The growth of 3D printing (3DP) has been rapid in the last decade, with the creation of low cost printers and the availability of easy to use software. The use of this technology is evident across many developed economies. However, there is now a real opportunity to use 3DP in developing economies and help to leapfrog highly capital intensive manufacturing.
This research investigates how 3DP technology can be integrated into the development sector and if it can help alleviate poverty. De Montfort University has partnered with Practical Action to carry out a pilot study with the office in Lima, Peru.
The aim of the project is to see if 3DP can be used to enhance the design of existing solutions, and if products can be developed across multiple site offices. The study will continue by assessing if the possession of a 3D printer has enabled Practical Action to create new and innovative design ideas, previously not possible. The hope is that this will lead to a larger study exploring the potential of this technology.
The ultimate aim of the project is understand if local people will be able to use 3D printing to manufacture products or components, such as water filters or specialised parts. As one of the biggest challenges with current products designed is the distributed to the poor is access to spare parts.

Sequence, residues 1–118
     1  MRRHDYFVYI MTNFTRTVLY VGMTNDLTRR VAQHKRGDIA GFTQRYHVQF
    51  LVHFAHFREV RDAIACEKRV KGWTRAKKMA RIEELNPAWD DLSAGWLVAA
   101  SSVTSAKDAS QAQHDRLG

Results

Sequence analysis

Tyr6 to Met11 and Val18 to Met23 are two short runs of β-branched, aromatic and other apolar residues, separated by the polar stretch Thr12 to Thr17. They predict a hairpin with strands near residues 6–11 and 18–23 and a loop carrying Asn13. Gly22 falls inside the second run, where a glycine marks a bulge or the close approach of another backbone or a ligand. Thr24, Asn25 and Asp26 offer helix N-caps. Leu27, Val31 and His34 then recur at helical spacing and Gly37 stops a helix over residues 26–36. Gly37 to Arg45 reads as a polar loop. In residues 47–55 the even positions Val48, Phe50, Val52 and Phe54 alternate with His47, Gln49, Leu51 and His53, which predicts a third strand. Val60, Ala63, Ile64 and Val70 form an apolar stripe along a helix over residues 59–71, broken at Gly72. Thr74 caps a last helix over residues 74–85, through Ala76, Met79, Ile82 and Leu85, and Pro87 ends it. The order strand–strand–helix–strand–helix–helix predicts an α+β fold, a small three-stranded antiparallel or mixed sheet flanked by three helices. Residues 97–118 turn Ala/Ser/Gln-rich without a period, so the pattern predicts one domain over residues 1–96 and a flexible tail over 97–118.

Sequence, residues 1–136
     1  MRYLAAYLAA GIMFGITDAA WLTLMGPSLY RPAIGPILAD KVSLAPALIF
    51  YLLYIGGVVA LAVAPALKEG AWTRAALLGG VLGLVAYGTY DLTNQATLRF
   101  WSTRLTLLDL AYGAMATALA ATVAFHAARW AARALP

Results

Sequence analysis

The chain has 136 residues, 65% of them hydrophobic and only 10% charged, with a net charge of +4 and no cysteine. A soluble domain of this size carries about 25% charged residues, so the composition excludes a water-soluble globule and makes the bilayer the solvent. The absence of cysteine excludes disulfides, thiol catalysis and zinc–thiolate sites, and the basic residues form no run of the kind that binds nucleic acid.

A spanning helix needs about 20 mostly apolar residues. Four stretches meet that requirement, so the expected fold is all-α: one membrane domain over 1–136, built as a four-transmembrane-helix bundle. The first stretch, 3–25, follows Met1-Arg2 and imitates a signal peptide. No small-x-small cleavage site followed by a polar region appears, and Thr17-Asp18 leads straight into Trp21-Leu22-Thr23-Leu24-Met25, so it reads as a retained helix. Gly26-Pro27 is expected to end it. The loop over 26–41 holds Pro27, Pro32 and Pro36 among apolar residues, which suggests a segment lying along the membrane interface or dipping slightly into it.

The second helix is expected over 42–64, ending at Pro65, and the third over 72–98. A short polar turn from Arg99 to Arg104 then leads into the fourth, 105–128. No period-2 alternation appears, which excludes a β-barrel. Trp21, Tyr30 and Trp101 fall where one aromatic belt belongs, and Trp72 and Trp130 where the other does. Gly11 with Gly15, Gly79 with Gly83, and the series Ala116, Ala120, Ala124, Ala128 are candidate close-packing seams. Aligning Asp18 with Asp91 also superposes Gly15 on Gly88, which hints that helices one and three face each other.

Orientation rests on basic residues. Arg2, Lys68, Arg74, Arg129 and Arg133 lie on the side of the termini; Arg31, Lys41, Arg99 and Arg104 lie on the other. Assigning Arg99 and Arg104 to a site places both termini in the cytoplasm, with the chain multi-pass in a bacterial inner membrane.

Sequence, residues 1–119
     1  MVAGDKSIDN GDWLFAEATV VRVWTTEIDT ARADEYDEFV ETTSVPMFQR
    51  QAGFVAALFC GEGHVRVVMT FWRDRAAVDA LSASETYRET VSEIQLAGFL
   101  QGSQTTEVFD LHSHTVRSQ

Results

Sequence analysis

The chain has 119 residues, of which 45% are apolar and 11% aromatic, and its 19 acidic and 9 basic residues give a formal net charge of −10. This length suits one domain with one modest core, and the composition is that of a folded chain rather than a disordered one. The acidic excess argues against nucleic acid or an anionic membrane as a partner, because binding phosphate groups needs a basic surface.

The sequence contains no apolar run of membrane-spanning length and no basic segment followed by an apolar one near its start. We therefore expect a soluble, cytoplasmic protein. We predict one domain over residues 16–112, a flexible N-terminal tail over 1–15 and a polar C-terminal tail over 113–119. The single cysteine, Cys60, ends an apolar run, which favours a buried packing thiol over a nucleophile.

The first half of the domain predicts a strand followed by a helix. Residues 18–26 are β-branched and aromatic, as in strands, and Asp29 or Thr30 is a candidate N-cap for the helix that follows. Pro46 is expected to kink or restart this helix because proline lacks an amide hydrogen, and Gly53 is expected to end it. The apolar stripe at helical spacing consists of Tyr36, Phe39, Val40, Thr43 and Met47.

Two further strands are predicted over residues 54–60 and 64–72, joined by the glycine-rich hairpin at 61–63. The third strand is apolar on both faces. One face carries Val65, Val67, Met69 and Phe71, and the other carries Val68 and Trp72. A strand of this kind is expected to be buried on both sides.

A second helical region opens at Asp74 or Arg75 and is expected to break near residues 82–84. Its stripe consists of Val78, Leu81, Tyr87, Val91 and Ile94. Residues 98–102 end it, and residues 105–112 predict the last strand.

This study is being carried out by Dr Timothy Whitehead, who has delivered a desktop 3D Printer to Lima, Peru. Analysis of the effectiveness and use will be through interviews, a project journal and analysis of printed artefacts.
It is expected that project outcomes will be available in Summer 2016.
Scenarios of Use
This 3D Printing project seeks to understand the effectiveness of 3D Printing in the creation of lifesaving products for the poor. This section explores possible applications for the technology and will be the basis of further research.
Scenario 1: Enhanced Product Development
3D Printing has the potential to enhance current New Product Development process by enabling products to be designed in multiple site offices and tested in the field with users. If, for example, a new water filter was being designed in the United Kingdom parts could be electronically sent to a field office which could print them and test directly with users. The use of 3D printing also enables complex or specialist parts to be designed produced. Enhancing current practice.
Scenario 2: Embedded 3D Printers
In the longer term there is an opportunity to distribute 3D printers to remote villages, supplying training and materials. This would enable local communities to print products as they need and modify existing products to suit their requirements. These products could be new agriculture tools, specific medical tools (such as an umbilical cord clamp) or parts for a water pump and filter. The use of local 3D printing would mean that if products brake or required replacement parts, users would not resort to throwing them away but could print spares parts.
A selection of images from a field trip to Lima, Peru to set up and and train Practical Action staff in 3D printing.